@WMATA – Metro Finds Its Social Voice
Summer has been a busy season for Metro, aka the Washington Metropolitan Area Transit Authority (WMATA). In an effort to increase transparency into the system's operations and improve customer communication, WMATA is rededicating its social media efforts and has made key hires devoted to managing its social presence. In addition, WMATA is actively leveraging information that is collected from rider-submitted tweets to help identify problems and find solutions in a timely manner. While there is still room for improvement, WMATA finally appears to be taking the right steps in social media.
By Kara Reinsel, Senior Strategist
WMATA's social media presence is almost exclusively devoted to its Twitter handle, @WMATA (formerly @MetroOpensDoors).1
With over 13,000 followers, it is a workhorse of real-time, two-way communication between the agency and its riders. It is a critical tool in the day-to-day operations of Metro because it acts as a clearinghouse of data-riders tweet frontline reports and @WMATA shares service disruptions and updates. For example, riders can report Metro cars with broken air conditioning via Twitter by using the hashtag #hotcar; WMATA routinely monitors Twitter for these tweets and deploys maintenance crews where needed.
Having staff dedicated to managing social media properties and driving the strategy is often a weak spot for many organizations. WMATA has addressed this problem by bringing onboard two key hires. The first is Dan Stessel, chief spokesperson for the agency, who regularly responds to the tweets on @WMATA (his tweets are signed ^DS). Brian Anderson, Metro's new social media manager, joined Metro this month and has been tweeting on @WMATA since almost day one (all of his tweets are signed ^BA). Having staff behind @WMATA regularly sign its tweets helps to demonstrate to @WMATA's followers that real people monitor the handle and the information is reliable and accurate. Signing tweets also humanizes Metro employees-they are not anonymous bureaucrats tucked away in a government building. Given the challenges Metro has experienced with broken escalators, hot cars, and most sadly the fatal accident in June 2009,2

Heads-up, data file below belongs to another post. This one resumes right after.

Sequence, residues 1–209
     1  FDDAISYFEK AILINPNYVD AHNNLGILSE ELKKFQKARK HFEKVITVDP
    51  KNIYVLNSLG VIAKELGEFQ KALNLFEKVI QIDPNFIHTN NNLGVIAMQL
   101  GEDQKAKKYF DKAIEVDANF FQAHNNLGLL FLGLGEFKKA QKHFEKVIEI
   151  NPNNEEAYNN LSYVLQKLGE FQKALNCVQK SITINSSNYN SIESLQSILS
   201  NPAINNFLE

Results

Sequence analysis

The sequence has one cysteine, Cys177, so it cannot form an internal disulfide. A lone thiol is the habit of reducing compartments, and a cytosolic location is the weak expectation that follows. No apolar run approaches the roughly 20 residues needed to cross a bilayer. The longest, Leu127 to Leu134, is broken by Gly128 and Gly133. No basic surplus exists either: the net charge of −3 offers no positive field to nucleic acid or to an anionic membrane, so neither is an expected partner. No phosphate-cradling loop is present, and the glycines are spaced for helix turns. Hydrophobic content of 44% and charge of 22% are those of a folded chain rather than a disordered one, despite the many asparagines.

replying to riders' tweets is the first step in demonstrating that the agency cares about what happens to its [email protected]
isn't a magic bullet, but it's a start.
One area for improvement on @WMATA is to be more selective about who the handle follows. Some of the accounts make perfect sense-the Washington Post's
Dr. Gridlock column, DC Department of Transportation-but others are perplexing choices. Consider @SassyMarmalade, who describes herself as having "a passion for whimsy, sass, shoes and old-fashioned romance. I like to flaunt my cleavage and read books checked out from the library. And eat cake." Her connection to WMATA is unclear. Unfortunately there are dozens of similar Twitter accounts that are being followed by @WMATA-it doesn't look professional and none of these handles has any identifiable reason to be linked to the agency.
Implications and Action Items:
@WMATA serves as an example of how Twitter can be an integral part of an organization's operations by:
1 Washington Post, "@WMATA: Metro changing Twitter handle," Dana Hedgpeth, July 30, 2011.
- Communicating directly with customers. @WMATA responds to questions, identifies problems, and provides updates in real time. And it puts a human face on Metro by making it possible for its employees to engage one-to-one with its riders.
- Use of dedicated staff. Dedicated staff ensures the account is monitored and engages with its followers.